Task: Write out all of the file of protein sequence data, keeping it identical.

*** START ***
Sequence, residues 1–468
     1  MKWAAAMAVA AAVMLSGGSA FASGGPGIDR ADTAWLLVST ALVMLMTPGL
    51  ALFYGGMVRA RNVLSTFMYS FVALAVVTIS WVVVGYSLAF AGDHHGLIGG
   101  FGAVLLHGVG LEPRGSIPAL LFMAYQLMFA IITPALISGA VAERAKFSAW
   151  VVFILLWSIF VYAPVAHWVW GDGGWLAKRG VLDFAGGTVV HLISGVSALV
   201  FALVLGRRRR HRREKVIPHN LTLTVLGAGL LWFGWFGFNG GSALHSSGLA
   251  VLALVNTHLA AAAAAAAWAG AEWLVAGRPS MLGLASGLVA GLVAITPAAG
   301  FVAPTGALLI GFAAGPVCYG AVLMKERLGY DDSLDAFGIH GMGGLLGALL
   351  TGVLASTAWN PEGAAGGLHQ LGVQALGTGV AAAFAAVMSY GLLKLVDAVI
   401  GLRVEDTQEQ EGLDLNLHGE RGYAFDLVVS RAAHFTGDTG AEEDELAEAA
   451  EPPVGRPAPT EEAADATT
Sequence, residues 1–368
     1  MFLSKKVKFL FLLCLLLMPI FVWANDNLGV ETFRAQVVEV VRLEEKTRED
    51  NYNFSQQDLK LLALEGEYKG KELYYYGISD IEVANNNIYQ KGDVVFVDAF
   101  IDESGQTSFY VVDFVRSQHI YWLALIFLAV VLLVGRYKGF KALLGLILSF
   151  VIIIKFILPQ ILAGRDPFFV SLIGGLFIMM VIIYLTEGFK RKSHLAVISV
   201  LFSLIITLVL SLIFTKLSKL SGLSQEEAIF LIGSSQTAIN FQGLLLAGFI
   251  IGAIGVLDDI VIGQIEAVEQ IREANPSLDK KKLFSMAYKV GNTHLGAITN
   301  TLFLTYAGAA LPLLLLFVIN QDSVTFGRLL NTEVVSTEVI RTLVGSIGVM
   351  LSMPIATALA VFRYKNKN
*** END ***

Sequence, residues 1–468
     1  MKWAAAMAVA AAVMLSGGSA FASGGPGIDR ADTAWLLVST ALVMLMTPGL
    51  ALFYGGMVRA RNVLSTFMYS FVALAVVTIS WVVVGYSLAF AGDHHGLIGG
   101  FGAVLLHGVG LEPRGSIPAL LFMAYQLMFA IITPALISGA VAERAKFSAW
   151  VVFILLWSIF VYAPVAHWVW GDGGWLAKRG VLDFAGGTVV HLISGVSALV
   201  FALVLGRRRR HRREKVIPHN LTLTVLGAGL LWFGWFGFNG GSALHSSGLA
   251  VLALVNTHLA AAAAAAAWAG AEWLVAGRPS MLGLASGLVA GLVAITPAAG
   301  FVAPTGALLI GFAAGPVCYG AVLMKERLGY DDSLDAFGIH GMGGLLGALL
   351  TGVLASTAWN PEGAAGGLHQ LGVQALGTGV AAAFAAVMSY GLLKLVDAVI
   401  GLRVEDTQEQ EGLDLNLHGE RGYAFDLVVS RAAHFTGDTG AEEDELAEAA
   451  EPPVGRPAPT EEAADATT
Sequence, residues 1–368
     1  MFLSKKVKFL FLLCLLLMPI FVWANDNLGV ETFRAQVVEV VRLEEKTRED
    51  NYNFSQQDLK LLALEGEYKG KELYYYGISD IEVANNNIYQ KGDVVFVDAF
   101  IDESGQTSFY VVDFVRSQHI YWLALIFLAV VLLVGRYKGF KALLGLILSF
   151  VIIIKFILPQ ILAGRDPFFV SLIGGLFIMM VIIYLTEGFK RKSHLAVISV
   201  LFSLIITLVL SLIFTKLSKL SGLSQEEAIF LIGSSQTAIN FQGLLLAGFI
   251  IGAIGVLDDI VIGQIEAVEQ IREANPSLDK KKLFSMAYKV GNTHLGAITN
   301  TLFLTYAGAA LPLLLLFVIN QDSVTFGRLL NTEVVSTEVI RTLVGSIGVM
   351  LSMPIATALA VFRYKNKN